AI Needs and Shifts
Hey Folks! Since I have a few more days before the announcement kicks-off, I decided to do some more dev today. And one of the higher priorities I've set for myself is to get crew management up and running. My thinking is that the core game loop is going to hit this system a lot (possibly more than anything), so I should make sure it's operational. And ideally fun to tinker with/watch.
Up until now, the AI did a pretty good job of fulfilling its needs. It would look at current needs, check its memory to see if any known interactions would help, and then see if any of those can be repeated with items on the current ship.
Failing that, it'll then grab a few interactions at random from a list of knowns, and see if any of those can be performed on items nearby (including self). And as part of the "human-like" programming, it'll also try to avoid using an interaction it used very recently.
The result is fairly convincing. Within a few random actions, the AI starts logically satisfying its needs much of the time. And it keeps a nice variety of actions cycling.
However, gaps start to form where the AI is ignoring a deep need (like sleep) and going off to do something else. This is due to the above design, where it tries for interactions it remembers first, and then random ones. And in cases where it has no memory that covers a current need (sleep in this case), it latches on to something it knows works instead (like eating). Eventually, it'll probably satisfy all needs it can with memorized stuff, and randomly stumble upon a gapped need. But that's not ideal.
So to address that, I'm going to give AI at least a rudimentary survival memory. An artificial set of memories that it can rely upon to know that, for example, sleeping on a bed restores sleep. Or using a toilet relieves one's bladder. Like, really basic stuff. And I'll probably start each memory off with some nominal effect. E.g. sleep provides -1 tiredness, even though in reality, sleeping is more like -4 or more.
I'm hoping what this does is to give them a little nudge at the early game to know how to handle basic survival things. Their real-world experience will quickly overtake these nominal values, as their AI keeps track of average effects per interaction. And their behaviors will still differ based on where they did their learning, so we should still see some variation. Almost like personalities or quirks. (E.g. John did a lot of his learning in a place with no beds, so he associates sleeping on clothes piles with sleep more than a bed.)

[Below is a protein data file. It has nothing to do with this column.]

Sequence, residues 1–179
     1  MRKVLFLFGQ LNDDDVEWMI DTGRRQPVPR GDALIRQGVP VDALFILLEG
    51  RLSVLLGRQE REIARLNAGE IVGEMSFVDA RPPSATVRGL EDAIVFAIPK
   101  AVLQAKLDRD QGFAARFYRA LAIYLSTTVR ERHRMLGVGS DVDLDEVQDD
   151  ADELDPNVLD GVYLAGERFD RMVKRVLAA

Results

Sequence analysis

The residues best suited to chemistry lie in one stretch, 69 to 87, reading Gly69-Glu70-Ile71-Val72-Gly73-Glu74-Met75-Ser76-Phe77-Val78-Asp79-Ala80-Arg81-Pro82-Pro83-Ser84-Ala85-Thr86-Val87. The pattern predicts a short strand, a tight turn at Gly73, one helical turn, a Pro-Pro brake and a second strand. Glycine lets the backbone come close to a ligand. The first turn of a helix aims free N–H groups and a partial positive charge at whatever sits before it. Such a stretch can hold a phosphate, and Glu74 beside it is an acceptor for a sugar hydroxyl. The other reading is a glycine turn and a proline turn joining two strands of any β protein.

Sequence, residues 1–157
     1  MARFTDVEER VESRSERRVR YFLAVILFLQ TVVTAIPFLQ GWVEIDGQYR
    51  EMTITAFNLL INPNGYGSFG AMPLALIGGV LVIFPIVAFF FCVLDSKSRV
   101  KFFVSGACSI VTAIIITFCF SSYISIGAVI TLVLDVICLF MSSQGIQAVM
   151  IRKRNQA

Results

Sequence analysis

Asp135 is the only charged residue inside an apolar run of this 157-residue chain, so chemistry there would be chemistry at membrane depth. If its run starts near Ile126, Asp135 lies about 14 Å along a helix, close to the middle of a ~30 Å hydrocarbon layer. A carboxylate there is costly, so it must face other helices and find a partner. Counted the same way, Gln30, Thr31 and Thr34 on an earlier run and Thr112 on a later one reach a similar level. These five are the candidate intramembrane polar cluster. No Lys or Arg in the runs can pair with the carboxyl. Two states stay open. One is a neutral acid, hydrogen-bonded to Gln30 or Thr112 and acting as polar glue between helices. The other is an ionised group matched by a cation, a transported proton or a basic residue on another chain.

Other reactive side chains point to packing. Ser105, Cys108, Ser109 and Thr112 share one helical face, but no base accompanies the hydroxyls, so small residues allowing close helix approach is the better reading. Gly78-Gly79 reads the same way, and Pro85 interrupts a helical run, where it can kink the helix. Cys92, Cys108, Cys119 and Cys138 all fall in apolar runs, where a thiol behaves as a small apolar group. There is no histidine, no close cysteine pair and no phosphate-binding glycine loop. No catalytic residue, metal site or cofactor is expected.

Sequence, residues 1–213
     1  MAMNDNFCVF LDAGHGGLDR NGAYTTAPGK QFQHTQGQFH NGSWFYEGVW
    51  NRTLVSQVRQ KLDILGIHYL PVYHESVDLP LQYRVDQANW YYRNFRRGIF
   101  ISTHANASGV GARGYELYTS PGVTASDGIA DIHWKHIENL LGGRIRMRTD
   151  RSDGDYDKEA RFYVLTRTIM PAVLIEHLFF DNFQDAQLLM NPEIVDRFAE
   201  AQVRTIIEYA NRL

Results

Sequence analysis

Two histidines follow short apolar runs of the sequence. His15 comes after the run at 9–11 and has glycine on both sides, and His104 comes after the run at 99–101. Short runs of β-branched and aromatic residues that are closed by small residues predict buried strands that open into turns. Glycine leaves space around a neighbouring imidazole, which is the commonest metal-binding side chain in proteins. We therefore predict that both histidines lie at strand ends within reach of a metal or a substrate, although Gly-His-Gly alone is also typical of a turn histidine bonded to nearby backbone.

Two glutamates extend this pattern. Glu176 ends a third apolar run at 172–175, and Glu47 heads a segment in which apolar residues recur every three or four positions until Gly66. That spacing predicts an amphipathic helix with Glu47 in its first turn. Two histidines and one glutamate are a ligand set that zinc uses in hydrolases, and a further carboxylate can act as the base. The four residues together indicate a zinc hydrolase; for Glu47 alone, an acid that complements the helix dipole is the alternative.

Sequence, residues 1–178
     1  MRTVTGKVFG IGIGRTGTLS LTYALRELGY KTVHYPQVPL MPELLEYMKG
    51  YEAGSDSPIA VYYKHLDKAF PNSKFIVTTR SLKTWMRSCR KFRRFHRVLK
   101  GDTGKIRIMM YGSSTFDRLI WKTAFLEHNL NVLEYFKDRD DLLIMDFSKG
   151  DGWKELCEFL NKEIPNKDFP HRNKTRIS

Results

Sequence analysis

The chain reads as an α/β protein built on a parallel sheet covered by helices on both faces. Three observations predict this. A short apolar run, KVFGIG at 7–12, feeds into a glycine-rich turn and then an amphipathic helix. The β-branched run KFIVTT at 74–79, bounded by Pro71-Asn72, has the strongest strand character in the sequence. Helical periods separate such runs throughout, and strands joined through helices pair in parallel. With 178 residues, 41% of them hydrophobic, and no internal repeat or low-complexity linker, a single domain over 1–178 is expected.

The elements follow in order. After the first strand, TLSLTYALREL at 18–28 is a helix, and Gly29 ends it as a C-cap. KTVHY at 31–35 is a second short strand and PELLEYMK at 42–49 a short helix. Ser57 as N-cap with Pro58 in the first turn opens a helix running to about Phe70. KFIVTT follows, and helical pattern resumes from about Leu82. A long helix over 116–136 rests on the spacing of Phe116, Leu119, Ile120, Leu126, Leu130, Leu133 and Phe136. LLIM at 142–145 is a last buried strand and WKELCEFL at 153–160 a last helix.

That's the theory, anyway. I'm getting the code ready for that now.
The other thing I tackled today was getting the needs system to be a bit more dynamic. Previously, all crew had the same tolerances for discomfort. After, say, 15 hours without sleep, AI would start to want sleep. This is separate from physical effects like drowsiness. This is just their desire to do something about it.
As part of the crew management UI, where we can set sleep/work/free time shifts, I wanted to see if I could make this change AI via the needs system mentioned above. And the best I came up with was to let these shifts alter those tolerances. During sleep shifts, the desire to fulfill sleep needs is higher. During work, it's lower. During free time, no change.
This way, AI should feel compelled to ignore their drowsiness while on a working shift, and just keep working. Similarly, a non-tired AI might be enticed to try sleeping during the sleep shift, despite not being drowsy.
I actually added this code first today. But I quickly ran into the needs decision issue above when I was testing it. Basically, my AI was feeling like it should sleep more during sleep time, but couldn't ever figure out how unless they got lucky and tried it randomly in the past.
So there we are. A revisit to one of the first systems added to this game. The over-engineered AI system which was intended to produce binge-worthy TV in your spaceship game. It doesn't, of course. And I'm not sure if it ever will. But it's actually not that bad of a stab at it. And after reading a few papers on how Sims handles this sort of thing, it actually seems pretty in-line with the normal way of doing it. The big difference here, it seems, is that whole memory thing. A cool iteration on the idea if it ends up working!